Searching over 5,500,000 cases.

Buy This Entire Record For $7.95

Official citation and/or docket number and footnotes (if any) for this case available with purchase.

Learn more about what you receive with purchase of this case.

United States v. Zaia

United States District Court, District of Columbia

March 31, 2014

NEERAN HAKIM ZAIA, Defendant. No. 04-401 (RMC)


ROSEMARY M. COLLYER, United States District Judge.

Defendant Neeran Zaia filed a second motion for reduction of sentence on February 18, 2014, pursuant to 28 U.S.C. § 2255. See Mot. to Reduce Sentence [Dkt. 267]. As explained below, the Court lacks jurisdiction over this second § 2255 motion and thus it will be dismissed without prejudice.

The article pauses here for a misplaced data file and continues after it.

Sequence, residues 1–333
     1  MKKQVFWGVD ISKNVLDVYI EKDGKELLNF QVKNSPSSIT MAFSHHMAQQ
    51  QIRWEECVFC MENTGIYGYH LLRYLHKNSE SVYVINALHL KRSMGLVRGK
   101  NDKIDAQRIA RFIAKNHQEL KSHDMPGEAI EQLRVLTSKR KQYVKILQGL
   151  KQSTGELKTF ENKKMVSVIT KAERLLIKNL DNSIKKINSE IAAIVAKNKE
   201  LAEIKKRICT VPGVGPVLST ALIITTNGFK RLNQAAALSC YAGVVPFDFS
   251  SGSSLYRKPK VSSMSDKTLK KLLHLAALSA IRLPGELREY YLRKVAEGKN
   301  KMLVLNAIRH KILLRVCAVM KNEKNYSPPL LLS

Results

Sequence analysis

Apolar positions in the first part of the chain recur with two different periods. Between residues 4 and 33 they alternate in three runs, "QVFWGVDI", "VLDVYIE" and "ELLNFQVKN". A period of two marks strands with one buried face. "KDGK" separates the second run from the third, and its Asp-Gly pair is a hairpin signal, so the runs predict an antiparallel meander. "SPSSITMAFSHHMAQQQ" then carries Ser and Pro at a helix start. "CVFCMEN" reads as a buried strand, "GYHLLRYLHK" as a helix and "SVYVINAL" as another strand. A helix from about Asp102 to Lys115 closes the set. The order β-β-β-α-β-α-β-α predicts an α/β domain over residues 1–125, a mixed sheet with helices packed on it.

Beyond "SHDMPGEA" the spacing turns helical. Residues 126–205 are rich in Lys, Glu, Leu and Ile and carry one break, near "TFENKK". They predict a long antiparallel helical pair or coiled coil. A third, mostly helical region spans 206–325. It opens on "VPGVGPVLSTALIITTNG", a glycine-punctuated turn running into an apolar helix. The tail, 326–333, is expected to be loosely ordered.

A grand jury returned a thirty-two count indictment against Ms. Zaia on September 3, 2004. The indictment charged Ms. Zaia with violations of 18 U.S.C. § 371 (Conspiracy to Commit Offenses Against the United States); 8 U.S.C. § 1324(a)(2)(B)(ii) (Bringing Unauthorized Aliens to the United States for Commercial Advantage or Private Financial Gain); 8 U.S.C. § 1327 (Aiding and Abetting Certain Aliens to Enter the United States); 18 U.S.C. § 1512(b) (Tampering with a Witness by Misleading Conduct); and 18 U.S.C. §§ 2(a) & (b) (Aiding and Abetting, Causing an Act to Be Done). Superseding Indictment [Dkt. 79].